Because the Patriots’ innovative field goal blocking will be hard to imitate

By | September 19, 2023

The New England Patriots’ innovative field goal blocking design won’t be easy for rival coaches to successfully imitate this season.

That’s because other teams may find it more difficult to pinpoint timing perfectly like New England did Sunday night against the Miami Dolphins.

New England special teams ace Brenden Schooler caught the Dolphins by surprise by using a running start to smother Jason Sanders’ 49-yard field goal attempt in the third quarter. Schooler lined up well away from the lineup with his sights set on Miami holder Jake Bailey. Then, without warning, he sprinted infield six steps and cut across the field just as the ball was snapped, darting untouched past a caught off-guard rim protector.

The timing of Schooler’s sprint suggests that New England knew exactly when Miami long snapper Blake Ferguson would release the ball and designed his field goal block as a sneak attack to take advantage. As former longtime NFL kicker Shayne Graham told Yahoo Sports on Monday: “Obviously they saw something on film where they were able to time it perfectly. This is the only way you will be able to practice it.

ESPN’s Pat McAfee, a former punter and starter for the Indianapolis Colts, offered further insight during his show Monday, pointing out that Bailey turns his head to ask Sanders if he’s ready and then takes a deep breath before the ball is snapped. McAfee suggested that Bill Belichick might have captured that narrative during Bailey’s four seasons as a punter and starter with the Patriots from 2019-2022.

“Bill Belichick probably looked into the scout car and said, ‘How did no one realize that this guy does this?’” McAfee speculated.

Other coaches can certainly install a basket-blocking concept to mirror New England’s, but these imitators will lack the element of surprise. Graham expects special teams coaches across the NFL have already begun to stress the importance of tough counts, poring over game film for giveaways that might tip off the defense.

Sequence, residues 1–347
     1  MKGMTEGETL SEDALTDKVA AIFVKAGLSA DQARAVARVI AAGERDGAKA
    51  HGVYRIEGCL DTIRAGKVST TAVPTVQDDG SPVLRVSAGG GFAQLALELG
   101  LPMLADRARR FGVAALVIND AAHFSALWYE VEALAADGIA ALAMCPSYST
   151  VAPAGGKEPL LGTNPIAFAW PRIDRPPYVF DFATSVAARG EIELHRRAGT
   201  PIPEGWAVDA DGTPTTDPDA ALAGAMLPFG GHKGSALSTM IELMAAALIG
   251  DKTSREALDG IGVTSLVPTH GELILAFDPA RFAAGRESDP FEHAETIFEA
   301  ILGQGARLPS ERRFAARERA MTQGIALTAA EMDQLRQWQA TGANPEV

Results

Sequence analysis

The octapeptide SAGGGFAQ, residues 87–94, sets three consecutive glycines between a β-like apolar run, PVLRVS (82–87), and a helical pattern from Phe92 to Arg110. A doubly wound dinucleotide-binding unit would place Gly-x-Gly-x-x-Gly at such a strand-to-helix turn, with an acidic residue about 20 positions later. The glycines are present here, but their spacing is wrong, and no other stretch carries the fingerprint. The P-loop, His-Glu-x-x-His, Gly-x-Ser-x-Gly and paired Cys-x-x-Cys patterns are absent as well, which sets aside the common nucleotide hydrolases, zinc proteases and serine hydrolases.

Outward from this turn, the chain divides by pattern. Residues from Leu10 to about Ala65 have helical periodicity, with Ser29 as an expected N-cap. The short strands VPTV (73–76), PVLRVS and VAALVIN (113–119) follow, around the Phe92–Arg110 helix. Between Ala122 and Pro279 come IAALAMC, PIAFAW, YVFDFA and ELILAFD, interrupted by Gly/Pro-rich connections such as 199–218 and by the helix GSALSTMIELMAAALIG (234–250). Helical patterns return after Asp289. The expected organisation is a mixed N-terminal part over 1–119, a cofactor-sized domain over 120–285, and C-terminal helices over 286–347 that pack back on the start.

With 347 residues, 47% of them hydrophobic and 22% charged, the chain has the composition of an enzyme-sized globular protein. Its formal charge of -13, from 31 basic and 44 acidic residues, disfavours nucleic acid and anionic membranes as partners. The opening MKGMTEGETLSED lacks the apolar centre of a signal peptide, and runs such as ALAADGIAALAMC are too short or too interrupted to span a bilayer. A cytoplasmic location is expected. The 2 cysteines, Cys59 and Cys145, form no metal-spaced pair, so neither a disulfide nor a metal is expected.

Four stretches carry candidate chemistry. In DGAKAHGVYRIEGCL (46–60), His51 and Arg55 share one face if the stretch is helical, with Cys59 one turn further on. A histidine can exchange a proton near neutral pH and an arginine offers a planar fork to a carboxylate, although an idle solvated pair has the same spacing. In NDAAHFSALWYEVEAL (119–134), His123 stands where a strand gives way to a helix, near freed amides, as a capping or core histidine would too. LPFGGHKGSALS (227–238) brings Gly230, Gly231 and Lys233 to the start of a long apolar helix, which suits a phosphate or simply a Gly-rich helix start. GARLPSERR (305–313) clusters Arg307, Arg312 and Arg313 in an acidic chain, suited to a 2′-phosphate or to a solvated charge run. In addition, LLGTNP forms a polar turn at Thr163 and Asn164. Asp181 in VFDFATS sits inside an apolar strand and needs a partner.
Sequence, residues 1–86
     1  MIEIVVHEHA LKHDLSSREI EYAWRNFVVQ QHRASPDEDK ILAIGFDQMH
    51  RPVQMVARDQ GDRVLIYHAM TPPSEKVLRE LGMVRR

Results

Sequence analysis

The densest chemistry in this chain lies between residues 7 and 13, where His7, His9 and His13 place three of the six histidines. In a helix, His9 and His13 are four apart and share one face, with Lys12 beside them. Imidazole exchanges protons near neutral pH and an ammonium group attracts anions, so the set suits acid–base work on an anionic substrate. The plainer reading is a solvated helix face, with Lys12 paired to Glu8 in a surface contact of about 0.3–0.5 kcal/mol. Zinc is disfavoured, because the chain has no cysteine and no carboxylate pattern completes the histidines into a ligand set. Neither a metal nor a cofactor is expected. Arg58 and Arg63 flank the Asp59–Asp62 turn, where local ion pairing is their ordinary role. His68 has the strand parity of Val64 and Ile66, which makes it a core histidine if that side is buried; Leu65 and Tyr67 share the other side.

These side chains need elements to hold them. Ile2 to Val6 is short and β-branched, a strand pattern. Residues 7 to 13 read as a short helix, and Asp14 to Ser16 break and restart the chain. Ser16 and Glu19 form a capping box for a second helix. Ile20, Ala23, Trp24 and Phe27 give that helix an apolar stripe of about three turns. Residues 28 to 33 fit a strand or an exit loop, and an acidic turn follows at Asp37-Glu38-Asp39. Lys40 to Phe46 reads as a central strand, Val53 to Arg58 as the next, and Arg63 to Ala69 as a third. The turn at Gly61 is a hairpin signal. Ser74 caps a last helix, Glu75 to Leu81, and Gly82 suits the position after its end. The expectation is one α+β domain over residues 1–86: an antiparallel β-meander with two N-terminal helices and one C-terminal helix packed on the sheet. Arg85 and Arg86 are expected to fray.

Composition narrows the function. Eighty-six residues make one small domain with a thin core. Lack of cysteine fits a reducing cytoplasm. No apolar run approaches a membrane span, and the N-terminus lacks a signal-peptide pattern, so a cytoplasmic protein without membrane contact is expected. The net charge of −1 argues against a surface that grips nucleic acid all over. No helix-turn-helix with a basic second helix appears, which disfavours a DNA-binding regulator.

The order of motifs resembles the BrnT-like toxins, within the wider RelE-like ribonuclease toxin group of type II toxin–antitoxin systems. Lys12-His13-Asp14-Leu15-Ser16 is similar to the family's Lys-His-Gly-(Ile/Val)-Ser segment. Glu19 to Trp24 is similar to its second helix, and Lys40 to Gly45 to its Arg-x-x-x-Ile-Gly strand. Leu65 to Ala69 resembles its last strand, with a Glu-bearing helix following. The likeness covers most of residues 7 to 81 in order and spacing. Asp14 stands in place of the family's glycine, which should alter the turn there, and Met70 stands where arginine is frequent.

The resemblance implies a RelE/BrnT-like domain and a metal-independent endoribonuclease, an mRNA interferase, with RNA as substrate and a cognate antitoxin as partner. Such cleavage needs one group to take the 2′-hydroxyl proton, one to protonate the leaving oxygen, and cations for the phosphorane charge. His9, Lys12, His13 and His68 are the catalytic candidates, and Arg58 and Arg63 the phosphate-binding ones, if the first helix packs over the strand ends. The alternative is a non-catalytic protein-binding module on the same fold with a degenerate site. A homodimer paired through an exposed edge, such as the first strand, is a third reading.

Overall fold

“I guarantee you this came up in every single special teams meeting on Monday,” said Graham, who helped coach special teams at Michigan State and Florida after retiring from the NFL in 2017. “They’re telling the long snapper , ‘Hey we need to do something to change the timing of our quick count.’ Everyone will protect themselves from this.

Miami coach Mike McDaniel said his staff did exactly that when Sanders attempted another field goal with six minutes left in the Dolphins’ 24-17 victory. The varied number of snaps allowed Sanders to initiate that kick, but he hooked it hard left.

“He wasn’t affected by that play because we made the appropriate adjustments, but it was a great call,” McDaniel said. “They used one of the moves that we always use on offense, basically like a block of the basket. I had never seen it before. So it was a great job on their part.

This isn’t the first time NFL teams have gotten creative in their efforts to block field goals and extra points. For years, defenders would take a running run and try to leap past the long snapper until the NFL banned those blocking attempts in 2017, citing player safety concerns.

It wouldn’t surprise Graham if Belichick’s clever field goal blocking design ultimately met a similar fate.

“They figured out a loophole then and the NFL closed it,” Graham said. “Now they’ve discovered another loophole, and I’m sure it’ll be a matter of time before the NFL closes this one, too.”

Until then, long snappers and starters will have to be careful not to tip over when snapping the ball. If they don’t, special teams coaches now have a weapon in their arsenal.

“I’m sure people will try to copy it,” Graham said. “I don’t know if they’ll be as successful as New England the first time.”

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